Australian Journal of Biography and History, no 2, 2019

Author/editor: Allbrook, M.
Publisher: ANU Press
Year published: 2019
Issue no.: no 2
School/Centre: National Centre of Biography

Abstract

A hardcopy of the Australian Journal of Biography and History can be purchased from ANU Press.

The second issue of the Australian Journal of Biography and History is a joint project between the National Centre of Biography at ANU, and the Canberra and District Historical Society. In ‘A City and Its People: Canberra in the Australian Dictionary of Biography’, Karen Fox explores Canberra history by discussing some of wide array of people ‘who have lived, worked, loved, and fought in the Canberra district’, and who are represented in the ADB. James McDonald, in his article ‘A Good Sheep Station Ruined’, examines the pastoral origins of the Canberra district, finding that the industry in the region was, before the founding of the capital city, a centre of innovation and enterprise. In a second article, ‘Migration as an Opportunity for Reinvention’, McDonald discusses the potential of immigration to refashion identities.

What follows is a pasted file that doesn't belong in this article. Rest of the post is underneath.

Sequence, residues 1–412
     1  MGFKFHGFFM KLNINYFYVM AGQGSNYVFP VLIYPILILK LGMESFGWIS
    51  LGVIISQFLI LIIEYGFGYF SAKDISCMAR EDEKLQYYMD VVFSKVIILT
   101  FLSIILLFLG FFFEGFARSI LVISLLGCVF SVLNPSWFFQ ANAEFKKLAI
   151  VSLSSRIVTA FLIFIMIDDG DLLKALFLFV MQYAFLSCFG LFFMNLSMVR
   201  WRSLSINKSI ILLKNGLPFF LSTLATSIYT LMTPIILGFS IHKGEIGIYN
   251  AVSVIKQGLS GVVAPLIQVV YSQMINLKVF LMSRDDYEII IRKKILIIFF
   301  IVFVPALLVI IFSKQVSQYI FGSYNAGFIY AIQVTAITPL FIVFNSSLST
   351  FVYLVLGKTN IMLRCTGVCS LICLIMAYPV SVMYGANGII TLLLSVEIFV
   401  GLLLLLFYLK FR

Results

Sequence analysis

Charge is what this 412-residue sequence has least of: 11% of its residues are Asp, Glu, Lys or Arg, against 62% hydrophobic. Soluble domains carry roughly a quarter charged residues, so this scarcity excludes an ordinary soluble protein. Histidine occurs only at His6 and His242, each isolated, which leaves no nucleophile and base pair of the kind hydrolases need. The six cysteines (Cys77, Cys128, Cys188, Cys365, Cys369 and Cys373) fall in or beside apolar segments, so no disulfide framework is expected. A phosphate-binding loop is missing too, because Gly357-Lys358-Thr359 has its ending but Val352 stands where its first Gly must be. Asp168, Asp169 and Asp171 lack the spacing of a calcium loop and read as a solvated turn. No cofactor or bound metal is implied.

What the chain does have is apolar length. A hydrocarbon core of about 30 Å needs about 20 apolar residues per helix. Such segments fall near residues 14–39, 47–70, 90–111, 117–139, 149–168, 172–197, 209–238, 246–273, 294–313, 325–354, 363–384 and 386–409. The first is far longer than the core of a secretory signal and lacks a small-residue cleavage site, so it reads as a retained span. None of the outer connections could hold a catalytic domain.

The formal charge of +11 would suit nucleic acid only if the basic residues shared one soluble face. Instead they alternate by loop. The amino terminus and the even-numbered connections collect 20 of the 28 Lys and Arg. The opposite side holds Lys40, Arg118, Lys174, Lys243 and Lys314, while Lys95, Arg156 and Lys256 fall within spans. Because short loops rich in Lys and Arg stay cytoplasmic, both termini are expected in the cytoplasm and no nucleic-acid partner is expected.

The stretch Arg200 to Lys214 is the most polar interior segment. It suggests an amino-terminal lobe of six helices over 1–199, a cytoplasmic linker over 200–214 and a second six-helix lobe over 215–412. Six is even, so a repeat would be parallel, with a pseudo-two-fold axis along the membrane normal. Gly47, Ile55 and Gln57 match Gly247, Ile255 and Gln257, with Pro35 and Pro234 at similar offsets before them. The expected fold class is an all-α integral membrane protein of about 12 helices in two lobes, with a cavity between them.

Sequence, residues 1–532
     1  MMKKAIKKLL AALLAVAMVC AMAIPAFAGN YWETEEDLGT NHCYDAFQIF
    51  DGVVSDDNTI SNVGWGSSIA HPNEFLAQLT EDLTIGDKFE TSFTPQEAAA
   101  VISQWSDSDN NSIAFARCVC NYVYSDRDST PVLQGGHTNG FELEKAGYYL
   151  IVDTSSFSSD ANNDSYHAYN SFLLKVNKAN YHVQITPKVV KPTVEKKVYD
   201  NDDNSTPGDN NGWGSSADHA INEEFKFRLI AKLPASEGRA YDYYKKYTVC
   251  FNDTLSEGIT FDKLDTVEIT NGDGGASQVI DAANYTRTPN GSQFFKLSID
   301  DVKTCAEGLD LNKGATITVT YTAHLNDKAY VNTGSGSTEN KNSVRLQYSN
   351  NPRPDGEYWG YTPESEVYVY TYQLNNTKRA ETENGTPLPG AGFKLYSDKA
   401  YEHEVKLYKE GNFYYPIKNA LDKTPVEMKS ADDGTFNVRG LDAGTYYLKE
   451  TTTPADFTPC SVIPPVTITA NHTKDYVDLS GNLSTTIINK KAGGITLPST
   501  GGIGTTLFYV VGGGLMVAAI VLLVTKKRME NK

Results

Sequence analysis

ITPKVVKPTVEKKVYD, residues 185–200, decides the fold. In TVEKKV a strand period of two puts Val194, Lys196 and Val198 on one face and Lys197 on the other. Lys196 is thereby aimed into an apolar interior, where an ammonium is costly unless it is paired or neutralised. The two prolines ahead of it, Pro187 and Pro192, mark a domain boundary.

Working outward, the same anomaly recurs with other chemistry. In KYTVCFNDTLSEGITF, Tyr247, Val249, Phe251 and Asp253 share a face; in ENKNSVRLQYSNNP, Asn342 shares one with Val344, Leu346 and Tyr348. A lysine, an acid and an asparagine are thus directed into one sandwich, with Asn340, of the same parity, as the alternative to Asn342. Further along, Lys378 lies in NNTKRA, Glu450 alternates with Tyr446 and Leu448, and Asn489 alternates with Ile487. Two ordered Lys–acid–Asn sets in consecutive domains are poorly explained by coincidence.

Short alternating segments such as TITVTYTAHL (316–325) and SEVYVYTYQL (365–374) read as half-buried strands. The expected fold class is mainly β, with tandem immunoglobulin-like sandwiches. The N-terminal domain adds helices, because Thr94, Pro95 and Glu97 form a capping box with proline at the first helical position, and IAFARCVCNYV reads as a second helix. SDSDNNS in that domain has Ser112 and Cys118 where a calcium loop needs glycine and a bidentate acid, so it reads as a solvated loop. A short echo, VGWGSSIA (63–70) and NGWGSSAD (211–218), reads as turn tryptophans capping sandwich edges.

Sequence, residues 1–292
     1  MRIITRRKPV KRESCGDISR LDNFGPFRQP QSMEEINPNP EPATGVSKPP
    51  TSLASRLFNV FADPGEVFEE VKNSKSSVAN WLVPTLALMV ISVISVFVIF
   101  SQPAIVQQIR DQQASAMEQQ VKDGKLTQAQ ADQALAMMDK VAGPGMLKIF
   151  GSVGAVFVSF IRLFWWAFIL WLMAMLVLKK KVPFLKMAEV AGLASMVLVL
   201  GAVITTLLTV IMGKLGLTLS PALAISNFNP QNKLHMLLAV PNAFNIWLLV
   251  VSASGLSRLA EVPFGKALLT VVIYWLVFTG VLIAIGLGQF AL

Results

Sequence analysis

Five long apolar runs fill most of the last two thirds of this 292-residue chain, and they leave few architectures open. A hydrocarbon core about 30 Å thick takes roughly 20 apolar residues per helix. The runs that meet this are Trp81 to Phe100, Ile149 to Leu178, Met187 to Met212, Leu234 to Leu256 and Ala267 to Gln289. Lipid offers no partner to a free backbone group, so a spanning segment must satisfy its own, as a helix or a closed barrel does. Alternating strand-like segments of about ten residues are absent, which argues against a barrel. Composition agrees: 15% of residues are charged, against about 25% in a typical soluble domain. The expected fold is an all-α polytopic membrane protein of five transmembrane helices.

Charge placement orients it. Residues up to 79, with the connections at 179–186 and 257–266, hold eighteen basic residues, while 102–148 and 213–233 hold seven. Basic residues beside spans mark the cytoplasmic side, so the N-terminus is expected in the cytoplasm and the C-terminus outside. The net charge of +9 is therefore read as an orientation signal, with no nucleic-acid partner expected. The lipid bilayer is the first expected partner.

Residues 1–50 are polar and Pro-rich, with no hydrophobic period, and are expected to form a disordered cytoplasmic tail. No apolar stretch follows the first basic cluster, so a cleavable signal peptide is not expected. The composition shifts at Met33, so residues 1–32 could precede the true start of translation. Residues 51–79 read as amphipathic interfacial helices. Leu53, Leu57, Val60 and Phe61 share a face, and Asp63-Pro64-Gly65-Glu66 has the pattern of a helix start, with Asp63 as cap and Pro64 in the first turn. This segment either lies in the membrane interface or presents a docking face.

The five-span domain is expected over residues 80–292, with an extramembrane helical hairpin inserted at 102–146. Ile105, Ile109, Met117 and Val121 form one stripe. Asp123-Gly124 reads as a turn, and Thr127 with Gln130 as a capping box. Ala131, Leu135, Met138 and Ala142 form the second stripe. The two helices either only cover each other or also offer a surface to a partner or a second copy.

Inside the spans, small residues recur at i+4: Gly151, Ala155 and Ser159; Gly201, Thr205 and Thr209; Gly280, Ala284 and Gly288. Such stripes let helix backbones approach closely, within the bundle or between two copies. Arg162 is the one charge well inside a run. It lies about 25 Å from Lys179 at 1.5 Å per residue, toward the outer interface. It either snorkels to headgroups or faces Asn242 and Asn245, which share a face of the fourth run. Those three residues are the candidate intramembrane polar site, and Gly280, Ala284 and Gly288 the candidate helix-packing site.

‘Three Years in the Life of Chief Constable Patrick Kinsela’, by Gillian Kelly, examines the role of the first policeman in the district, who took up his posting at the nascent town of Queanbeyan in 1837, and in many ways exemplified the system of justice in the region until his early death in 1841. Michael Hall, in his article ‘The Sentinel over Canberra’s Military History’, explores the connections between the Anglican Church of St John the Baptist, now in the Canberra suburb of Reid, and the military, and the war experiences of some of its parishioners. The final two articles of the issue move towards aspects of the modern history of Canberra, the first exploring the life stories of Vince and Viola Kalokerinos who, for many years, ran a milk bar at Curtin. Their story is a reminder of the impact of Greek immigrants on the development of Canberra. Finally, Nick Swain discusses the life and work of one of Canberra’s early photographic entrepreneurs, Les Dwyer, who came to Canberra as a construction labourer in 1924 but, as a consequence of the Depression and workplace injury, converted a hobby into an enterprise. Included also are two essay length review articles, and a series of reviews on recently published Australian biographical works.

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